“She’s off again.” Her dad harumphed. She’s had that ridiculous vacant look since she eloped. “Wonder what it means.”
Anna stared at him and shook her head.
“So, all these girls are your foster sisters. Twenty-five sisters!” Jack still seemed overwhelmed by the prospect. “Do they all come and visit you?” His adam’s apple moved up and down with a jerk.
“Three have managed to travel to Saskatchewan. Jasmine visited me in last year in Toronto when I did my second-year residency. She’s from Jamaica. Some I’ve spoken to on the phone. Several I visited in high school. Each summer I’d work for an international organization so I could travel to a country where one of my sisters lived.
“Rachael in Jerusalem, Mirela in Bosnia, Samuta in Ecuador,” Anna pointed the girls out to Jack.”
“I still write to and hear from all of them.”
“And this year there is no new sister to hang on the tree.” Anna’s voice was thick with unshed tears.
“No, Mom.” Christine crossed to her mother and wrapped her strong, young arms around her. She knew her mother felt she was failing her in some way. “This tradition will never come to an end. Now, my sisters will become an Advent celebration leading up to Christmas. We’ll set up the tree on the first of December and hang one picture each day up to Christmas. Twenty-five is a special number.”
Her dad chuckled and spoke to Jack. “I bet you’ve already discovered that our Christine likes to make everything last as long as possible?”
“I sure know she did when she was in labour.” Jack flashed Christine a smile. “I thought she was going to stretch that out forever.” He ducked out of reach of Christine’s swipe.
“Time for eggnog and my mince tarts.” Anna chimed in. “Though I don’t think I’m going to let you three have any rum in your eggnog. You’re punch happy, already.” Walking stiffly, she left the room.
“Twenty-five.” Bemused, Jack turned back to the tree. “Why is your mother stopping if it saddens her so much?”
“It’s become too expensive. By the time she’d fostered fifteen of the girls she had to nurse full-time to pay the monthly adoption fees. She had to quit work this year because of her back injury.”
“What happens to the girls? Surely they aren’t put back into their original circumstances?”
“No, Jack. We wouldn’t let that happen.” Christine’s father rose to throw another log on the fire. “Over half of the girls are grown and self-supporting, now. The others Anna will continue to sponsor. She’s finally allowed me to help. She’s stubborn and independent and this `back’ thing has been really hard on her. Makes her feel useless, she says.” He snorted. “As if my Anna could ever be anything but a whirlwind.” The last of Christine’s sisters will be on their own by the time we retire.”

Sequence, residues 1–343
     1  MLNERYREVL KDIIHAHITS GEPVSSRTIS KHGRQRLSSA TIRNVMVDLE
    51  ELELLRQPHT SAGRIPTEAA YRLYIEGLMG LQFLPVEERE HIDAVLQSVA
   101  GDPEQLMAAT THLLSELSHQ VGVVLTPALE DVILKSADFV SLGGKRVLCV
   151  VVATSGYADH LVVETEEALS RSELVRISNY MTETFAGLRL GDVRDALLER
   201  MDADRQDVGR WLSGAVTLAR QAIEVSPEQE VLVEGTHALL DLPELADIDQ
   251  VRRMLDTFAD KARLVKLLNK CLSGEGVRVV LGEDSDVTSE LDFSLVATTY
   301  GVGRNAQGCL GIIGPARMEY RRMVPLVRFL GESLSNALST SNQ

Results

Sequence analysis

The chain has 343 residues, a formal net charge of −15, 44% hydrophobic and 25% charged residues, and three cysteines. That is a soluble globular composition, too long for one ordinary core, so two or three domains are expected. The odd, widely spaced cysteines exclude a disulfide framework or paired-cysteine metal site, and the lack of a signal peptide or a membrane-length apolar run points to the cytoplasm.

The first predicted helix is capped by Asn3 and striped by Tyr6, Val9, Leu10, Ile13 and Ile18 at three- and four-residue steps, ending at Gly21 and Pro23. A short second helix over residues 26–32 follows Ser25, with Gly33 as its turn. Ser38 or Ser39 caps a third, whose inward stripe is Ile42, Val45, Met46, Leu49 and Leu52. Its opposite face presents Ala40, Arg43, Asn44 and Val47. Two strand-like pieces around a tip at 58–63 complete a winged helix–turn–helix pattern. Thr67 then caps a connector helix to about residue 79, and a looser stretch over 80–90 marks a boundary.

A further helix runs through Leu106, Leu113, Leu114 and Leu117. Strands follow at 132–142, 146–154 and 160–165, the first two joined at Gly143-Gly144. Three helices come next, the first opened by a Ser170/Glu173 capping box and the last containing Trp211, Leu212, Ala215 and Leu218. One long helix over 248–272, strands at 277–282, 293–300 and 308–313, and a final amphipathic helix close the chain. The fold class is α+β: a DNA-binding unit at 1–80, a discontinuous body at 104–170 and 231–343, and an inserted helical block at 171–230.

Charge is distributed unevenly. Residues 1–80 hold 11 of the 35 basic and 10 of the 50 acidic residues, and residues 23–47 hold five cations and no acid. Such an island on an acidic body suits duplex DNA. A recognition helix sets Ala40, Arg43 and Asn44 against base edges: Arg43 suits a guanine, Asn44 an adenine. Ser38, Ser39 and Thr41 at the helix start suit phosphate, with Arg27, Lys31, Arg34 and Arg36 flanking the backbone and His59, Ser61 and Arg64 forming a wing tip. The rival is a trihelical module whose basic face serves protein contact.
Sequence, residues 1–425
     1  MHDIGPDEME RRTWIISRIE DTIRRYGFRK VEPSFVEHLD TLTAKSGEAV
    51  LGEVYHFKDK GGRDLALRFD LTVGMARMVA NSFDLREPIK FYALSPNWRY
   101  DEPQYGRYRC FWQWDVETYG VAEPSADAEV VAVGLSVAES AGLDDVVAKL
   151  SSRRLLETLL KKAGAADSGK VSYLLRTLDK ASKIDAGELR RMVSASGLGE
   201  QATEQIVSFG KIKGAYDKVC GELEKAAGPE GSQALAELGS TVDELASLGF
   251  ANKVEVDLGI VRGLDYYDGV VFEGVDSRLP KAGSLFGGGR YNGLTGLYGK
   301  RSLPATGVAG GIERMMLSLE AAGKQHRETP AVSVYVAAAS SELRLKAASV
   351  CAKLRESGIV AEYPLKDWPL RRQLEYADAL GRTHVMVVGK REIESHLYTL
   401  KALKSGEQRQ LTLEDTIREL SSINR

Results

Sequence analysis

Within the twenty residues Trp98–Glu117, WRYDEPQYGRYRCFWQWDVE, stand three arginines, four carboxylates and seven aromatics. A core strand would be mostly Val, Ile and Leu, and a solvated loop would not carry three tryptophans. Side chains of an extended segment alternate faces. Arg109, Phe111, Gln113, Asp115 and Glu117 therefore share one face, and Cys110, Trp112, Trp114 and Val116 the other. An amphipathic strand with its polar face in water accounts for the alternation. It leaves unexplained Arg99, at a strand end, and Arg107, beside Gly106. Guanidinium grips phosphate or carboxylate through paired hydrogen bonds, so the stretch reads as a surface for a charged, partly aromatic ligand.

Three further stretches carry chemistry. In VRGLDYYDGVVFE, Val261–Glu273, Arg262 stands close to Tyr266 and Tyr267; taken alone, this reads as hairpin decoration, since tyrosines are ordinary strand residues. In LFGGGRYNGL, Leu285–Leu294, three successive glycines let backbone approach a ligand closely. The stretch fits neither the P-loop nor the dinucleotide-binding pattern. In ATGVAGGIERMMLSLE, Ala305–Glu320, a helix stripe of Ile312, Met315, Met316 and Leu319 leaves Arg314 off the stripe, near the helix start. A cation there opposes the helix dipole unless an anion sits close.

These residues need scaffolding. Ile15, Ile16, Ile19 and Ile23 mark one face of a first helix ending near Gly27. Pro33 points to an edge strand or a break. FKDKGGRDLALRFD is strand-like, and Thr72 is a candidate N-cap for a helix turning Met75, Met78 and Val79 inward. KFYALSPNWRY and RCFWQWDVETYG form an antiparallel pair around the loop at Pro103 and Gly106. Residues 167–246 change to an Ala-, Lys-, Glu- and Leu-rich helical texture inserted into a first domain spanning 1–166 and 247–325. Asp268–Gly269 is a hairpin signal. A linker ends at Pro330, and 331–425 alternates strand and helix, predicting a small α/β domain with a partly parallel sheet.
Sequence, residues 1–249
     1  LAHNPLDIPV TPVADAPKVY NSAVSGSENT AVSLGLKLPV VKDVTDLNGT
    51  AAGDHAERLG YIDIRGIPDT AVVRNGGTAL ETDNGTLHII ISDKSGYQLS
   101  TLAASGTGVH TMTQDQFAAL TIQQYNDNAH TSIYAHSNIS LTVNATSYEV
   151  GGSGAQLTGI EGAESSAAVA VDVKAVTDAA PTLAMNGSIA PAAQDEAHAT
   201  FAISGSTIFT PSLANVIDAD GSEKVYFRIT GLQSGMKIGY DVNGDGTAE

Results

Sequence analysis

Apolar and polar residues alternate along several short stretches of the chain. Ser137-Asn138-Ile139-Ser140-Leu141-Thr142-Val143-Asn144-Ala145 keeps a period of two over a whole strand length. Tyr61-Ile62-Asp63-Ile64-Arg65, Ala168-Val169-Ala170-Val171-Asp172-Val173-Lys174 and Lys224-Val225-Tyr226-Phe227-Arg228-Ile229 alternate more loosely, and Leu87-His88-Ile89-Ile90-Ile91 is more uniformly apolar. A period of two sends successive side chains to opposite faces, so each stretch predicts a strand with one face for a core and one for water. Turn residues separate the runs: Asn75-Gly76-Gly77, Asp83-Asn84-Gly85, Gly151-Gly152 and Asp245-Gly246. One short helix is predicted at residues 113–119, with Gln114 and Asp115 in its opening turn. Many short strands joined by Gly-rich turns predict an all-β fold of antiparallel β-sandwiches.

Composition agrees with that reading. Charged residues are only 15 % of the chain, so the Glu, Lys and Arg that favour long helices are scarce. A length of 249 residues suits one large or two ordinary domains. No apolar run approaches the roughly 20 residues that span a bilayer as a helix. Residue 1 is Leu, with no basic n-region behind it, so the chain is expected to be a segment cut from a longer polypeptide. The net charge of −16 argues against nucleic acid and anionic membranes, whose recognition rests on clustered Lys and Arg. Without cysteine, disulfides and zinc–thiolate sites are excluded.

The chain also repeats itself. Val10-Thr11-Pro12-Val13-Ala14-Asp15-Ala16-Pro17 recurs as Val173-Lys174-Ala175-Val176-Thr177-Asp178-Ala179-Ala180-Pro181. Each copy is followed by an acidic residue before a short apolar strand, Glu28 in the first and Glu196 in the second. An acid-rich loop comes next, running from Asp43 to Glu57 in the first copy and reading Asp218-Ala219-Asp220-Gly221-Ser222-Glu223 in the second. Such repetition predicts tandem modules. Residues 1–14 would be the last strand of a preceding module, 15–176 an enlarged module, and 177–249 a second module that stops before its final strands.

“Don’t talk about the last of our girls. I can’t bear it.” Anna came back into the room, carrying a silver tray and set it on the table in front of the couch.”
“There can’t be any end, to my sisters. They’ll always be with us, we have our letters and memories and their dreams.” Christine spoke decisively. “Mom and Dad, before we have the punch will you bring Adam over here. I want to give him his Christmas present.” She squeezed Jack’s hand, almost dancing with impatience as she waited for the group to assemble by the tree. Slowly she withdrew the object in her pocket and dangled it in front of her son’s little face. He yawned hugely then focused on the whirling disc of gold. “Adam, meet your new brother Kemal. He’s six years old and he comes from Nicaragua.”
“You sneaky little devil. You never breathed a word of this.” Jack swatted her derriere, then pulled her into his arms. “What a clever woman.”
“Mom, will you do the honors.” Christine pressed the small medallion with the green velvet bow into her mother’s trembling fingers.
“I’d love to.” Anna reverently hung Kemal’s small frame.
“There you see, Anna. Not an ending at all.” Frank tucked Adam into his left arm and leaned over to rub his whiskers along Christine’s cheek. “You done good, Kid.”
“Another beginning.” ack pressed a kiss to his wife’s temple. “Another reason why I love you so much.”
Circled by the old and the new, comforted by tradition, stimulated by change, Christine reached for her tiny son. “Just think, all of this,” her hand swept over the twirling, gleaming medallions, “all this love … happened because of the birth of a baby. It’s hard to believe.”